Submitted to: Intercept
Publication Type: Book / Chapter
Publication Acceptance Date: 12/5/2003
Publication Date: 1/5/2005
Citation: Miller, D.R., Gimpel, M.E., Ben-Dov, Y., Gibson, G.A. 2005. A systematic catalogue of the Cerococcidae, Halimococcidae, Kermesidae, Micrococcidae, Ortheziidae, Phenacoleachiidae, Phoenicococcidae, and Stictococcidae (Hemiptera: Coccoidea) of the world.Intercept. UK 1:554
Interpretive Summary: Scale insects cause billions of dollars in damage or control costs each year and are serious threats as invasive species in the U. S. and elsewhere. This book discusses 372 species of scale insects worldwide and provides information on their scientific names, common names, synonyms, host plants, distribution, biology, economic importance, diagnostic features, keys for identification, and published references. This kind of data is not readily available in a single source but is crucial for making quarantine decisions and for being prepared if a species becomes invasive in a new area of the world. This book will be useful to biological control specialists, extension entomologists, plant quarantine inspectors, state and federal identifiers, and scale systematists.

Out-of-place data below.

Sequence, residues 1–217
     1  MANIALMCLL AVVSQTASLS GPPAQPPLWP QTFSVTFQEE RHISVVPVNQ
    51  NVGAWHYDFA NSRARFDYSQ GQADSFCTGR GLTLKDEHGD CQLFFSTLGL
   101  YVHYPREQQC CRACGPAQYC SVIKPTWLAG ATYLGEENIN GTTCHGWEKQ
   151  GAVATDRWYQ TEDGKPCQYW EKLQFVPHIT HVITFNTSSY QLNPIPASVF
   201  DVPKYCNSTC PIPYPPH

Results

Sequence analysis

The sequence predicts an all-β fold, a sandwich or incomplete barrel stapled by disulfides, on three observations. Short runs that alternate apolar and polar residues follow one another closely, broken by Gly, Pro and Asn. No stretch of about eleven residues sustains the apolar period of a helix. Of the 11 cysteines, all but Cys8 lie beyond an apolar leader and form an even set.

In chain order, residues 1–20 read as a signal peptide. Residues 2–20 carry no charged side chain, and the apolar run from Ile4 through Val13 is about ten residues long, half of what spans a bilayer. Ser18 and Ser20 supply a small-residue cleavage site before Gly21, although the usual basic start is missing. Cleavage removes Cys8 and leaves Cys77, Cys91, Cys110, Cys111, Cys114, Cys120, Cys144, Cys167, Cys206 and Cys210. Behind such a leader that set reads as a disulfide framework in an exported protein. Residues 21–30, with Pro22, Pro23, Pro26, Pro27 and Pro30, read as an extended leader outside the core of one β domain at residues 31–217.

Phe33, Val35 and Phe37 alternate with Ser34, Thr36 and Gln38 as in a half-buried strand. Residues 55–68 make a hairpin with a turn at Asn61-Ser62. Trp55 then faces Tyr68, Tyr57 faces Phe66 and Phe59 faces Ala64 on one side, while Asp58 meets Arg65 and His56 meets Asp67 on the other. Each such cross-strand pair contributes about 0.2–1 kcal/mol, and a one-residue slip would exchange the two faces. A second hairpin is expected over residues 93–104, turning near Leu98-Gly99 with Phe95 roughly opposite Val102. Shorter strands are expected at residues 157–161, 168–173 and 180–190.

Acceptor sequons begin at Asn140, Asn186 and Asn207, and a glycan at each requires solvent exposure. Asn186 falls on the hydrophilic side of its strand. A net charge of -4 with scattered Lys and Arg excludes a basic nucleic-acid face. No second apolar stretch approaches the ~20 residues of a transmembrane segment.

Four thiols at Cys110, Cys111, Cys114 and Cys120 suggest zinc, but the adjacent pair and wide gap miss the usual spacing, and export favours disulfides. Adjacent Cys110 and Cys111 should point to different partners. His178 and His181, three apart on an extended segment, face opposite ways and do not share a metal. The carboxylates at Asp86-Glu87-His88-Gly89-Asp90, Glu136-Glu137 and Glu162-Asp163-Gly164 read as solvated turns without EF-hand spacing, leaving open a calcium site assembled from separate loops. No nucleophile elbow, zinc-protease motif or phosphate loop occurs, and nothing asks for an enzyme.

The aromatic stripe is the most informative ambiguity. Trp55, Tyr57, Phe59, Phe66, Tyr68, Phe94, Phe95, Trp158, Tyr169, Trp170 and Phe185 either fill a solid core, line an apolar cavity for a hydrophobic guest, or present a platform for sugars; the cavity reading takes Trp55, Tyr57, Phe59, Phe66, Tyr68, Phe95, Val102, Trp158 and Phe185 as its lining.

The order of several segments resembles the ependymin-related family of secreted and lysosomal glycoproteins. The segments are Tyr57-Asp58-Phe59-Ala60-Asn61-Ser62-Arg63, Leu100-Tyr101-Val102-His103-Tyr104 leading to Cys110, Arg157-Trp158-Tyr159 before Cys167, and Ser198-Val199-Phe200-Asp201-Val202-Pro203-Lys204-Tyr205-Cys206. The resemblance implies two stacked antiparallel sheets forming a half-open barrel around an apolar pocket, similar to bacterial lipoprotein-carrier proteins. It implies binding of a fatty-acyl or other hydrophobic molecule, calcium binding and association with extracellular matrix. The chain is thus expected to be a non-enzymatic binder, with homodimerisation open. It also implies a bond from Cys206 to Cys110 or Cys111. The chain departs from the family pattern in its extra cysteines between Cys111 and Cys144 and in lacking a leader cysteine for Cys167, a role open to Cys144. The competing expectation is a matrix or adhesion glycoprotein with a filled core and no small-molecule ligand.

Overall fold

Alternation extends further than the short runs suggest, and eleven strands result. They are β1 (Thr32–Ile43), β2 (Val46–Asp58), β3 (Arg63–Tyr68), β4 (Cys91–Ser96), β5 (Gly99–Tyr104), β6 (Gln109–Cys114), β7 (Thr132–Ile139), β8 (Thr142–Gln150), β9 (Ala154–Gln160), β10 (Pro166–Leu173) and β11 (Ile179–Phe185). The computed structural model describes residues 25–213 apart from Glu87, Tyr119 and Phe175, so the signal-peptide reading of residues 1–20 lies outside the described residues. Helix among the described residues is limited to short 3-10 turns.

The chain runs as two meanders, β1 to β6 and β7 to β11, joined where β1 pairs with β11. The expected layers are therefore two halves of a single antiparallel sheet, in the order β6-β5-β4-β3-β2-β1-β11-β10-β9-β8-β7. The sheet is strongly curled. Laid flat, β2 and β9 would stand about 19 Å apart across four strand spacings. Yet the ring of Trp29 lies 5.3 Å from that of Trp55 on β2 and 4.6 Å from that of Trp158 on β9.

Technical Abstract: This publication provides systematic catalogues of eight families of scale insects for the world. Cerococcidae (ornate pit scales) including 72 valid species in 3 genera; Halimococcidae (pupillarial palm scales) including 21 valid species in 5 genera; Kermesidae (gall-like scales) has 91 species in 10 genera; Micrococcidae (Mediterranean scales) with 8 species in 2 genera; Ortheziidae (ensign scales) has 162 species in 11 genera; Phenacoleachiidae with 2 species in 1 genus; Phoenicococcidae (palm scale) with 1 species in 1 genus; and Stictococcidae with 15 species and 3 genera. Several scale insects in these families are serious agricultural pests and others pose a threat when (if) they are introduced into areas outside of their natural habitats. This book is a synthesis and catalogue of all of the taxonomic information published on these families worldwide up to May 2003 and gives information on their scientific names, common names, synonyms, host plants, distribution, biology, economic importance, diagnostic features, keys for identification, and published references. This information will benefit all who are interested in the control, ecology, life history, pest exclusion, and pest management of these scale insects including homeowners, nurserymen, quarantine specialists, extension agents, and state and university researchers.